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(11) Charles : i.e., Charles I., who ascended the throne of England on the death of his father in 1625, and was beheaded in 1649. (17) Lord High Protector: Oliver Cromwell, who was the leading spirit during the struggle between Charles I. and the parliament, was made chief ruler of England under this title in 1653, and died in 1658. During this period the government of England was called a connionwealth” (republic), but Cromwell was absolute king in everything but naine.

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PART II.

1. The young people soon became acquainted; for boys, whether the sons of monarchs or of peasants, all like play, and are pleased with one another's society. What games they diverted themselves with, I can not tell. Perhaps they played at ball, perhaps at blindman's buff, perhaps at leapfrog.

2. Meanwhile King James and his nobles were feasting with Sir Oliver in the great hall. The king sat in a gilded chair, under a canopy, at the head of a long table. Whenever any of the company addressed him, it was with the deepest reverence.

If the attendants offered him wine or the various delicacies of the festival, it was upon their bended knees.

3. But fate had ordained that good King James

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should not finish his dinner in peace. On a sudden there arose a terrible uproar in the room where the children were at play. Angry shouts and shrill cries of alarm were mixed up together; while the voices of elder persons were likewise heard, trying to restore order among the children. The king and everybody else at table looked aghast.

4. “Mercy on us!” muttered Sir Oliver; "that graceless nephew of mine is in some mischief or other.” Getting up from table, he ran to see what was the matter, followed by many of the guests, and the king among them. They all crowded to the door of the play-room.

5. On looking in, they beheld the little Prince Charles, with his rich dress all torn and covered with the dust of the floor. His royal blood was streaming from his nose in great abundance. He gazed at Noll with a mixture of rage and affright, and at the same time a puzzled expression, as if he could not understand how any mortal boy should dare to give him a beating As for Noll, there stood his sturdy little figure, bold as a lion, looking as if he were ready to fight, not only the prince, but king and kingdom too.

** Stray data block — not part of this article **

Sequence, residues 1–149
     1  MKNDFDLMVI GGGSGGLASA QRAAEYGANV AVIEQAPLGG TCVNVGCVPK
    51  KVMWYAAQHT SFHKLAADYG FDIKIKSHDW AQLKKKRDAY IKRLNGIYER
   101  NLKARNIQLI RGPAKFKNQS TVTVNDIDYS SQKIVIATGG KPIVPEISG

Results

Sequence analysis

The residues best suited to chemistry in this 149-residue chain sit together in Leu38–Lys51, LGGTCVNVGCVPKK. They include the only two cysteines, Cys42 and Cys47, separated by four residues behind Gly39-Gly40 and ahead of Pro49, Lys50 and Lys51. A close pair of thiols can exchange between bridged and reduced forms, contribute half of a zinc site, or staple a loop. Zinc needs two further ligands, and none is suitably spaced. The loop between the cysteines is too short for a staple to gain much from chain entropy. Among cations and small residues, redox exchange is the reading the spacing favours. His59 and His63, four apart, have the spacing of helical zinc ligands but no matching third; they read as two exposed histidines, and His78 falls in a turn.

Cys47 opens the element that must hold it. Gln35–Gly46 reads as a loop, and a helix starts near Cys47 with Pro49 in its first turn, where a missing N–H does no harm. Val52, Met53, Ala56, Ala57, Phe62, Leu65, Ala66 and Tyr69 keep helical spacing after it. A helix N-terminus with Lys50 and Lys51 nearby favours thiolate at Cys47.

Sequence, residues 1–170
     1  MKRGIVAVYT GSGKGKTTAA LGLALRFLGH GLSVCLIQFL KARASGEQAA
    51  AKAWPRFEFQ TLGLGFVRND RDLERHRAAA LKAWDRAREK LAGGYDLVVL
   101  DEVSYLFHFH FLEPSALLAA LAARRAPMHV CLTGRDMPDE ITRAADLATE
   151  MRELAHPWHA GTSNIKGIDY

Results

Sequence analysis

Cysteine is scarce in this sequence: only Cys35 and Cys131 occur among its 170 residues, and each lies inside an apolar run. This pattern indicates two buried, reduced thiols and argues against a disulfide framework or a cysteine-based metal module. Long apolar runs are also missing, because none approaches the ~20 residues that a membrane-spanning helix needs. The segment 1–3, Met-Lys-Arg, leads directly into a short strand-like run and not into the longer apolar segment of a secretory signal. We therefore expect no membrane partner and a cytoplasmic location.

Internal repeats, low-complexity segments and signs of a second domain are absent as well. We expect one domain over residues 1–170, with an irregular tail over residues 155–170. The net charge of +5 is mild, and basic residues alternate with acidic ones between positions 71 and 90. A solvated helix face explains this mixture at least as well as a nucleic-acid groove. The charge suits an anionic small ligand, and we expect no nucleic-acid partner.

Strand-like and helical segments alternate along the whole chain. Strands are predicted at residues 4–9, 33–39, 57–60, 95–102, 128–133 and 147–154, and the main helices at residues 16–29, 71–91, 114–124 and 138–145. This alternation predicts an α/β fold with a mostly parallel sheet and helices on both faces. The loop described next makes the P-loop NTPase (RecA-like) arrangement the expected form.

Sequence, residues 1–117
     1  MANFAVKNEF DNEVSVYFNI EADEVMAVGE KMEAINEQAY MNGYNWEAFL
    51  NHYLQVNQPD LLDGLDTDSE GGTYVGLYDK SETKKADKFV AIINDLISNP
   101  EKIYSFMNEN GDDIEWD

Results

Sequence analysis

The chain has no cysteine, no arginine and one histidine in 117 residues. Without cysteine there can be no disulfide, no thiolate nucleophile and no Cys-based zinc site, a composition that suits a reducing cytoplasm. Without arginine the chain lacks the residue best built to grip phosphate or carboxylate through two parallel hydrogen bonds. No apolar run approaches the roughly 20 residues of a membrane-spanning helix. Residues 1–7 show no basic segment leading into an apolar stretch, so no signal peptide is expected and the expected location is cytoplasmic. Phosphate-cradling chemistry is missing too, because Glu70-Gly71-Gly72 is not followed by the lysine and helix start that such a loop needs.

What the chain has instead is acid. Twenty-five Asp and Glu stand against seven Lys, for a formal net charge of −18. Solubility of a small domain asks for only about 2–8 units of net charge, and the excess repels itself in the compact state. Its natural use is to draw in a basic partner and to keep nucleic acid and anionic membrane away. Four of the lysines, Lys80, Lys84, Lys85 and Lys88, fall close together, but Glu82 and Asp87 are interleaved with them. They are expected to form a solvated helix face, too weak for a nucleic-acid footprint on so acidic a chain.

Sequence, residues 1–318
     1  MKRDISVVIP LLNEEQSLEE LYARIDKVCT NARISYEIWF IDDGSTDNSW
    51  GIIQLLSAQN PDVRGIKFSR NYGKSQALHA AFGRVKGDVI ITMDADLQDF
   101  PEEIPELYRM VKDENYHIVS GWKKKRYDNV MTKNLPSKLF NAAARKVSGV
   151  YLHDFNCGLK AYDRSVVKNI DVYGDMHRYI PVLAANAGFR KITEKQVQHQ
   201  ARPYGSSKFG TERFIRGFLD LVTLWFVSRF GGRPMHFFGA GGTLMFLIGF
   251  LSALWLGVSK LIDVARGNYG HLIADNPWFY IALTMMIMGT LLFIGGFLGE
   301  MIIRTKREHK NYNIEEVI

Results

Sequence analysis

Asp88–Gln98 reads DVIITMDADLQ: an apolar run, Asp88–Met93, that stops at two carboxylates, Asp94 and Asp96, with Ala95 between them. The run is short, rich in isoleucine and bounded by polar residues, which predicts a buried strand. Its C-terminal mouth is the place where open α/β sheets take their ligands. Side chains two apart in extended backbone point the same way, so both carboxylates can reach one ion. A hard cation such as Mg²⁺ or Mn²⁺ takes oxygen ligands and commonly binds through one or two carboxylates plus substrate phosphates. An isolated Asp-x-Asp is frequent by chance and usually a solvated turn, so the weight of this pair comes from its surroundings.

6. “You little villain!” cried his uncle. What have you been about? Down on your knees, this instant, and ask the prince's pardon. How dare you lay your hands on the king's majesty's royal son ?”

“He struck me first,” grumbled the valiant little Noll, "and I've only given him his due.”

7. Sir Oliver and the guests lifted up their hands in astonishment and horror. No punishment seemed severe enough for this wicked little varlet, who had dared to resent a blow from the king's own son. Some of the courtiers were of opinion that Noll should be sent prisoner to the Tower of London, and brought to trial for high treason. Others, in their zeal, were about to chastise the boy in the royal presence.

8. But King James, who sometimes showed a good deal of sagacity, ordered them to desist. “Thou art a bold boy,” said he, looking fixedly at little Noll; “and, if thou live to be a man, my son Charlie would do wisely to be friends with thee.”—“I never will!” cried the little prince, stamping his foot.

9. “Peace, Charlie, peace!” said the king; and then addressing Sir Oliver and the attendants, “Harm not the urchin; for he has taught my son a good lesson, if heaven do but give him grace to profit by it. Hereafter, should he be tempted to tyrannize over the stubborn race of Englishmen, let him remember little Noll Cromwell and his own bloody nose."